Because a large private foundation may not use the second method for the second, third, and fourth installments, the estimated tax must be projected based on the actual income and deductions earned through the end of each quarter. The number of months used to make the projections depends on whether the foundation chooses the regular periods under Internal Revenue Code Section 6655(e)(2)(A) or the alternative periods under Internal Revenue Code Section 6655(e)(2)(C)(i), as modified by Internal Revenue Code Section 6655(g)(3).

Estimated Tax Challenges Facing Private Foundations. A private foundation can face a number of challenges when calculating its estimated tax payments. For example, the private foundation may expect to pay the 1 percent tax instead of the 2 percent tax. As previously discussed, the foundation may not be able to ensure that it qualifies for the 1 percent tax rate because the qualification for the reduced rate depends upon asset values as of the end of the year. If the foundation estimates its taxes using the 1 percent rate and then fails to qualify for the reduced rate, the foundation will face penalties for the underpayment of estimated taxes.

Determining the estimated net investment income from certain types of investments, such as hedge funds and other investment partnerships, can be difficult. Some investment funds provide the required Schedule K-1 several months after the end of the tax year, but also provide quarterly information, including dividends and interest and realized gains and losses. These quarterly reports can assist the foundation in estimating its net investment income attributable to the investment. Other investment funds, however, may issue reports only on an annual and delayed basis making it difficult for the foundation to estimate its net investment income throughout the year and preventing an accurate determination of the estimated taxes the foundation should pay throughout the year.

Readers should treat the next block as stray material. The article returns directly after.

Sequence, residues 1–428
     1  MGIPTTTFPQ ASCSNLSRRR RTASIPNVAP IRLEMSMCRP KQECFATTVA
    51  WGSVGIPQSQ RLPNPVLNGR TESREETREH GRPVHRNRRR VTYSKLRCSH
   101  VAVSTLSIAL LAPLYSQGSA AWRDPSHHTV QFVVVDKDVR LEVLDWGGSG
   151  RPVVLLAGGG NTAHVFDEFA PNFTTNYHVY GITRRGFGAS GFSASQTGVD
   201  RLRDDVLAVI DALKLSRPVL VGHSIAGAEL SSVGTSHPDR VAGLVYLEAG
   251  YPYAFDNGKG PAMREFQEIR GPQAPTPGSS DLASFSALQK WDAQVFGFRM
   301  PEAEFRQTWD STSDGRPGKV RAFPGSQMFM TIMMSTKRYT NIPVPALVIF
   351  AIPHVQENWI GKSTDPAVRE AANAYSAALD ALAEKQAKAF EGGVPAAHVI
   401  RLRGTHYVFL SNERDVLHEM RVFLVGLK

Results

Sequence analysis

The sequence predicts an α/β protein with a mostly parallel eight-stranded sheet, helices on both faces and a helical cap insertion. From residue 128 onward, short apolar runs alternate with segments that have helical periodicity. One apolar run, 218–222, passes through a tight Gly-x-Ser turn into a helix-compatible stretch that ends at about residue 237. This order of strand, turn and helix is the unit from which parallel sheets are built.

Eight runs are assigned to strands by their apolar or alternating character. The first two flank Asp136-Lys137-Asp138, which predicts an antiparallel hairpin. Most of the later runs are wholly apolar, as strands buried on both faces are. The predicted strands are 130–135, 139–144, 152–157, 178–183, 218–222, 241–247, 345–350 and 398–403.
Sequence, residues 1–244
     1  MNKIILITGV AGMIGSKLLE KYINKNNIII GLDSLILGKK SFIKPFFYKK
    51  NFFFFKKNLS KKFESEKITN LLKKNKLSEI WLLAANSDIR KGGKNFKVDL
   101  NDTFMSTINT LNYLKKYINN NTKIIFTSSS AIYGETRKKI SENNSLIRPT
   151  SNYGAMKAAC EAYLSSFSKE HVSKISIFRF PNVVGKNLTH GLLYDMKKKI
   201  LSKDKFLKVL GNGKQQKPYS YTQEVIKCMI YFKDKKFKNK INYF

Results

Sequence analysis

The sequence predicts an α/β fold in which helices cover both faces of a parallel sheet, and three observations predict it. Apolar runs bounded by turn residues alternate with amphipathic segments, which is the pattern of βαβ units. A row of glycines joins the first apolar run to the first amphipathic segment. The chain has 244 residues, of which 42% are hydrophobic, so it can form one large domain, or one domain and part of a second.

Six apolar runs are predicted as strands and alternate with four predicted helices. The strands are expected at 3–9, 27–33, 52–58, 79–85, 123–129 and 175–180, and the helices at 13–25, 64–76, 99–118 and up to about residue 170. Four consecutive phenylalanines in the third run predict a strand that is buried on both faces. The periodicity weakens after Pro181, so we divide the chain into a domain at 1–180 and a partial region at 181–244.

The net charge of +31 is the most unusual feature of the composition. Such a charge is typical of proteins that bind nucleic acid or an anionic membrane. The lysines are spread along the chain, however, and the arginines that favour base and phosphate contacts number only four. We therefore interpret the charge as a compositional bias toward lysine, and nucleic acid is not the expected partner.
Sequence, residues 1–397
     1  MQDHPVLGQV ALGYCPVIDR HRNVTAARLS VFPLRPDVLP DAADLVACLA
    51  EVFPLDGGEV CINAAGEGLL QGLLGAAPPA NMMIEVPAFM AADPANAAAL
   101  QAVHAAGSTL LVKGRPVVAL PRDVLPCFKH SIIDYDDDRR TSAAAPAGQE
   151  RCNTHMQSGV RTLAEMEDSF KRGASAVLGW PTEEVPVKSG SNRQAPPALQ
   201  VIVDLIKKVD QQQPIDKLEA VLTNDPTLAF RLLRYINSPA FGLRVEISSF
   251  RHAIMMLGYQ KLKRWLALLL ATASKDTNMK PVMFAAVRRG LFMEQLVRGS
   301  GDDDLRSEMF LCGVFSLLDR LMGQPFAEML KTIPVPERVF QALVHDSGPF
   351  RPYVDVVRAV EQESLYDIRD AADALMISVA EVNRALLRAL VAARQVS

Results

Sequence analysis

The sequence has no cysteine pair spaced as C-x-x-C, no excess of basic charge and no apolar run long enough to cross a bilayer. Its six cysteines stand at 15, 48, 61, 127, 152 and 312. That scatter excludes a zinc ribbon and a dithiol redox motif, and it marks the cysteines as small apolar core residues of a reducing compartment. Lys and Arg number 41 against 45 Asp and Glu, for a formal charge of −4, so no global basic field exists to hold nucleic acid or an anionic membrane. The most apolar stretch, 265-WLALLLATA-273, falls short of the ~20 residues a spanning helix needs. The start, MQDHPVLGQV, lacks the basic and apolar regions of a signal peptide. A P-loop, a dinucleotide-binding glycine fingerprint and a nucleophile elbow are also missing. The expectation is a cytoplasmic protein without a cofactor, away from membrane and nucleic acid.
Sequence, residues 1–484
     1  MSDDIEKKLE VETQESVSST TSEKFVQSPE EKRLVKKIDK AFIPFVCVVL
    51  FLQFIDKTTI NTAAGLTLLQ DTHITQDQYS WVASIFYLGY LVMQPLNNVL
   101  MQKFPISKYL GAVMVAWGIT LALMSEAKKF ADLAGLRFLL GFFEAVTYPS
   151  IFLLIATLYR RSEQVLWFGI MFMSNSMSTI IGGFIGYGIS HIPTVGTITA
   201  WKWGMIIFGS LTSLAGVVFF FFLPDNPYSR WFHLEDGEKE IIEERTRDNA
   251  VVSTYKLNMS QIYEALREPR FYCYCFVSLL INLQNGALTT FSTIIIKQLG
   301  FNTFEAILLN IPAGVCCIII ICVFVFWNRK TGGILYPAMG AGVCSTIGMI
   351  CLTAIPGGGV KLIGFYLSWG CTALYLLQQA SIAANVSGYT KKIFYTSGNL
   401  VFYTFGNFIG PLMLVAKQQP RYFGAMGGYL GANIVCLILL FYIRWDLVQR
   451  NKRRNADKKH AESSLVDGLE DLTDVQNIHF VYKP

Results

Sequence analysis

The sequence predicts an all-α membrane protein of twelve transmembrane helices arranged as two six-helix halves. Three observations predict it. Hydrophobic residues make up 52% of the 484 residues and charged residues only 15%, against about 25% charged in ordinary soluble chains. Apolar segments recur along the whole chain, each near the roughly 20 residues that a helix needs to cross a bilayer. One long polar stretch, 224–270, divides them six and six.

Nonprofit and Tax-Exempt Organizations Group

Our nonprofit and tax-exempt organizations group provides advice and guidance that enable charities and other nonprofits to operate more efficiently and effectively in today's increasingly complicated, regulated, and competitive environment.

Footnotes

1. An exempt operating foundation is a special type of private operating foundation. Usually, these foundations devote their assets to operating a charitable program (such as a museum or library) but cannot meet the public support test for classification as a publicly supported organization. To qualify as an "exempt" operating foundation, the organization must be a private operating foundation, must be publicly supported for at least 10 taxable years, must have a governing body that is broadly representative of the general public and that has no more than 25 percent of its members be disqualified persons with respect to the foundation, and must have no officers who are disqualified persons.

2. If the foundation has not yet been in existence for five taxable years, the calculation uses the number of previous years in existence. Thus, a foundation cannot qualify for the reduction in its first year because it has no previous taxable years.

The content of this article is intended to provide a general guide to the subject matter. Specialist advice should be sought about your specific circumstances.